Notes from South Africa: Meeting Mvumisi

Notes from South Africa: Meeting Mvumisi

The only way I can describe my emotions as I stepped out of the World Vision vehicle on the little lane winding down to Mvumisi’s home is one close to how I feel when Caline my daughter is about to perform on stage. Excited, expectant, heart bursting with love mixed with fear of something going wrong…Would I be able to control my feelings, would he understand what was happening, would he like the toys I brought, would his family be receptive?

The dry dirt path took us between a dozen or so basic small homes. Washing lines flapped in the warm breeze and with each step we were joined with another child, grinning from ear to ear. I scanned their little faces wondering if one of them was that of my sponsored child. My adored Mvumisi. At the end of the lane a little blue house with an open porch, a small crowd had gathered. Mumsi from World Vision beckoned for me to follow her inside. My heart was beating as though it would jump right out of my chest. Was he in there?

Sarah Meet's her Sponsor Child

It took a few seconds for my eyes to become accustomed to the little dark room.  A bench lined one of the walls and a little cushion had been positioned on the end. For me? For him?  I took my place beside the cushion while a mat made of wicker was laid down on the floor and a kind faced older lady slowly lowered herself onto her mat.  Within moments the room had filled with our team, the World Vision project workers and then out of nowhere I saw him, head down, back against the wall.  Mvumisi!

I searched for Mumsi – the Project Development Manager – for a cue as to what to do next.  She came and sat down on the left of Mvumisi, I was on the right.  In Zulu she introduced him to me, his sponsor.  My instinct was to hold him close, hold him in my arms and tell him how much I loved him.  How often his face would come to mind when I was working at the booth.  How often I shared his stories and photos with other’s considering to sponsor.  However I curbed my emotions and I held out my hand to him and slowly he put his own in mine.

Clumsily, I opened the sack of toys that I had brought from Canada.  I found the little album of 12 photos of Caline, Zaven, Robbie, MC (dog) and Simba (kitten).  Picture by picture, I shared who each person was and Mumsi translated in Zulu.  He asked how old Caline and Zaven were.  He thought Caline was pretty and a big smile crossed his face when he saw the photo of her in her ballet tutu.  “Do you dance?”  he asked me.  “No I replied”.  “The next time you come”, translated Mumsi, “he will dance for you, Mvumisi loves to dance”.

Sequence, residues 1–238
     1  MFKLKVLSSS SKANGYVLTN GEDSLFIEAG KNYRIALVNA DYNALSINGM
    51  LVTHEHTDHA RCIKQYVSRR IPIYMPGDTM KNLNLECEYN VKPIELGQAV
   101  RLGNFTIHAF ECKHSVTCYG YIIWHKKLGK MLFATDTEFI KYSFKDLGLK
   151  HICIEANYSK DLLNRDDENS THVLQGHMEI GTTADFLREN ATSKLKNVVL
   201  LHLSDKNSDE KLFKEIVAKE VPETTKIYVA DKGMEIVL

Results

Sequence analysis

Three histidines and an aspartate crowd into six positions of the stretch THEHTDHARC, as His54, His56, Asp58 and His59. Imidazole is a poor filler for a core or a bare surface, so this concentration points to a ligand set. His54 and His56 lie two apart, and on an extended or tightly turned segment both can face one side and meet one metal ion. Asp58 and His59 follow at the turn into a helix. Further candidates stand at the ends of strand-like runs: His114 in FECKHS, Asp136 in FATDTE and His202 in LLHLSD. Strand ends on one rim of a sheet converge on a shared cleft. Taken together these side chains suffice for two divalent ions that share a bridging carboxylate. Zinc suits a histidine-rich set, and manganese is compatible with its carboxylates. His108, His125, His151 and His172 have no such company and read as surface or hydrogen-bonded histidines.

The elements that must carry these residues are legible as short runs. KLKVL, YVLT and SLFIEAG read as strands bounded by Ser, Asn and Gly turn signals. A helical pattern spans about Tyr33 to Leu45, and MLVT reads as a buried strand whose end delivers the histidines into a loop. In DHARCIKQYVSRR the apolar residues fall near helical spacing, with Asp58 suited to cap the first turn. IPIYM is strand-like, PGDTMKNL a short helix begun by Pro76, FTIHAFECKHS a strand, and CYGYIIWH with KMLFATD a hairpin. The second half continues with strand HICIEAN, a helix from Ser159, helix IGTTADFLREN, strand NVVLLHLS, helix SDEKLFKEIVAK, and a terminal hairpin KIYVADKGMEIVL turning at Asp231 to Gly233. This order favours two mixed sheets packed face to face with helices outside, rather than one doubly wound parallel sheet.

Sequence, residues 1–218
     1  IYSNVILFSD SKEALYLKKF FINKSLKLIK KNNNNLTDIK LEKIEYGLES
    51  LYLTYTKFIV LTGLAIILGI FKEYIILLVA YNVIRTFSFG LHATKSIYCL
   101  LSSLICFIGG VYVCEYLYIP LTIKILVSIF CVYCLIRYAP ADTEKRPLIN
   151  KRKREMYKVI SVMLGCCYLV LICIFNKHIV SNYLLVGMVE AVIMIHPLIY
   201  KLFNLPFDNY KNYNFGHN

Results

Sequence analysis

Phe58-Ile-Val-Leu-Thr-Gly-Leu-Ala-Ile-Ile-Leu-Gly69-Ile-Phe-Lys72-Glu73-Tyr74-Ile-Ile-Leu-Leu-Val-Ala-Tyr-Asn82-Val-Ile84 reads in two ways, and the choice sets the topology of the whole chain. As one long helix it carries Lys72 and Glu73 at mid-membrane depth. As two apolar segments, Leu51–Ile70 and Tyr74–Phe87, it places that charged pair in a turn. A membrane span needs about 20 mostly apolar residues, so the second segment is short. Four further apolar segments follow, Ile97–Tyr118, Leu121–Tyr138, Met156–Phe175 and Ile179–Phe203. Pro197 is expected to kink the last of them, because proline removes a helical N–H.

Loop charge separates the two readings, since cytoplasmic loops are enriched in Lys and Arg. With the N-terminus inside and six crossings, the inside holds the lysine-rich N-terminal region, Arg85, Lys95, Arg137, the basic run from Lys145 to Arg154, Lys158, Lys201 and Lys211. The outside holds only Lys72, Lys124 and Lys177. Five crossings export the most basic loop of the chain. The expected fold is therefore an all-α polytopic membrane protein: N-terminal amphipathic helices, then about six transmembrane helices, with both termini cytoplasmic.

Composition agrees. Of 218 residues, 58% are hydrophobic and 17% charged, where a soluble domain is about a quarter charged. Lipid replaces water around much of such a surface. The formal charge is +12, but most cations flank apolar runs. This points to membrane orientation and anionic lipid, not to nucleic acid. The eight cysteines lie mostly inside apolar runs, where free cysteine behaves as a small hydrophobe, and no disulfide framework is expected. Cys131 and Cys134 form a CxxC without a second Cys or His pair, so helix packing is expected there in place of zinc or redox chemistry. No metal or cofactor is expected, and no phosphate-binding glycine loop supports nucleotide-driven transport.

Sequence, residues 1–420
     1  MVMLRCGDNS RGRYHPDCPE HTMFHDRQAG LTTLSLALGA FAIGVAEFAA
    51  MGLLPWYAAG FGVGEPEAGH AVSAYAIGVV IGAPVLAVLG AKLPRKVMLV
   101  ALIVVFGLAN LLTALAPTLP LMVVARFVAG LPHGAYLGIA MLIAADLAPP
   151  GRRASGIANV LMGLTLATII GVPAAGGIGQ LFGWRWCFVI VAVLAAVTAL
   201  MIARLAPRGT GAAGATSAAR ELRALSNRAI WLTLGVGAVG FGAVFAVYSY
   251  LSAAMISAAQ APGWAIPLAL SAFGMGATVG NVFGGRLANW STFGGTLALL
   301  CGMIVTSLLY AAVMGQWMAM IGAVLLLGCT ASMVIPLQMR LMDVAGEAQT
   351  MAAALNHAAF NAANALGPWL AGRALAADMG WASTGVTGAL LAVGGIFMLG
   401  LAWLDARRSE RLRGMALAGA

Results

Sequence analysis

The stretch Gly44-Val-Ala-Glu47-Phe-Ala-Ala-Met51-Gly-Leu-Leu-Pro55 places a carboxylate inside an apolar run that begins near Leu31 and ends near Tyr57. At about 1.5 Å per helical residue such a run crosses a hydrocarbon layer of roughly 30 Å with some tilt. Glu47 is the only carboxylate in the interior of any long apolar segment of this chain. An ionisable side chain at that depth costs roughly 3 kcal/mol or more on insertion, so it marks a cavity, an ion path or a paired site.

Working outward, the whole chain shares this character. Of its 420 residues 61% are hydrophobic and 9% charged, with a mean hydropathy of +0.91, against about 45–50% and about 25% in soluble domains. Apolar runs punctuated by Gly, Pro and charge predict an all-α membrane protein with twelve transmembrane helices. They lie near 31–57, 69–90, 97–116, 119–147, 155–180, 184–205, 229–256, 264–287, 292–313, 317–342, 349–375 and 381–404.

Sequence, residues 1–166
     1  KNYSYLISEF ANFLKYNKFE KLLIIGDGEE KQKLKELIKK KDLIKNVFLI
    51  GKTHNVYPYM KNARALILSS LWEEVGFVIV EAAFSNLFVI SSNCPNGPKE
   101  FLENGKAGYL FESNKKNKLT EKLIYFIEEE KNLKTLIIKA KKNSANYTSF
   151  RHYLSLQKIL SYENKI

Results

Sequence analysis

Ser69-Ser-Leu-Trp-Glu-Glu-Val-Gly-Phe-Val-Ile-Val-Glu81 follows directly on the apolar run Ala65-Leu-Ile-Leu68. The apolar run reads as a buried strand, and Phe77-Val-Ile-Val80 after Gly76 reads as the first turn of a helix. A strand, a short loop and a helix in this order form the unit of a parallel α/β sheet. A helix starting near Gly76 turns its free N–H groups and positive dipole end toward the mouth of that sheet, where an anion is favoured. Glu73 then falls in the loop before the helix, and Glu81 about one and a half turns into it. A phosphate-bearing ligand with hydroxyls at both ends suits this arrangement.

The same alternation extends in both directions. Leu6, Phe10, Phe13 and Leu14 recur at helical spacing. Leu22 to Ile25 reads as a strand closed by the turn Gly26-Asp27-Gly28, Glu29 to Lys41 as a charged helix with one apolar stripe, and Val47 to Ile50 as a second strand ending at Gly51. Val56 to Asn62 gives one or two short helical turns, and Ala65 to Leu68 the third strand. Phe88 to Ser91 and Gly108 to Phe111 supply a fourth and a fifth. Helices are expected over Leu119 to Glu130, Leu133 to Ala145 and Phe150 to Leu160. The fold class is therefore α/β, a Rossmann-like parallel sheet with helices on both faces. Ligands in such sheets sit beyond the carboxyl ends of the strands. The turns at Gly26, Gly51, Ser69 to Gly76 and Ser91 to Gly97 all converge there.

All of a sudden, Mumsi took my arm and said “Oh my goodness, in all the excitement we did not meet the family”.  I stood up to be hugged by a young women, Mvumisi’s aunt.  “We love you.” She said, “we love you very much”.  A huge lump stuck in my throat and I hugged her back…”we can be sisters now”, I answered and she smiled back.

Sarah with Mom

I looked to where the older lady had taken place on the floor mat.  I kneeled beside her and said hello. I had brought her some gifts and as I took each packet of socks, tea towels, scarves out of the bag, she would clap her hands and then lift them to the sky.  Her warm, wise face was so comforting and I had a huge urge to hold her hand when I noticed tears running down her face.  Mumsi translated as she spoke…

“We are so blessed that you are here.  Mvumisi’s mother is not here today.  She has to work.  Sometimes she is very sick and cannot work.  It is very hard for us.  His father left the family and abandoned the boy.  You giving us all of these things and coming here is a gift from God.  We thank you”.

With each word I felt my resolve to hold back the tears disappear, I look at my team for support and saw that they too were crying with the sincerity and warmth of the old woman’s words.  Unable to hold back any longer I wrapped my arms around her neck and hugged her, lifting my head to wipe the tears from her cheeks.

I had only imaged this visit with Mvumisi, but I realized that I was part of this whole family.  His Aunt took my hand and asked ‘When are you coming back to see us?”.  “Do you want me to?” I asked. “Yes, but stay for more time”.  Her English was good and she motioned for someone to take a photo of her and I together.

Little Mvumisi still sat on the bench and I returned to sit beside him.  I had bought a huge bag of lollipops and offered him one.  The doorway was a sea of little faces who watched as he took his candy.  With incredible politeness we offered a lollipop to each child.

‘Can we go outside and dance together?” I asked Mumsi.  She suggested it to Mvumisi who beamed and jumped up to lead us outside where we formed a circle.  He disappeared again to find someone who could play some music.  A little cheeky boy wearing just a pair of blue sweat pants started to dance around, enticing everyone to start clapping.  The next thing Mvumisi had joined in.  All traces of his shyness had disappeared as he danced for us and we all clapped and cheered.


Too soon, it was time to leave, and the community let out a lalalalalalalalala noise – apparently a cry of celebration for our visit.  I knew then that I had to come back, and spend more time with this family.  I held my grandma and new sister tight and promised that I would return and that we would dance again together.

As we took a last photo together, Mvumisi’s aunt introduced me to her son and then a little girl in pink, who was Mvumisi’s sister!    As cute as buttons and still sucking on their lollipops.

Scarcely were we in the car and out of sight of the community when my heart opened and I could not stop the sobs.  Almost as though my heart was overflowing with gratitude and love and wonder at the beautiful moments I had just spent with my new family.

As I type this, I am already dreaming of my next visit to Umvoti…..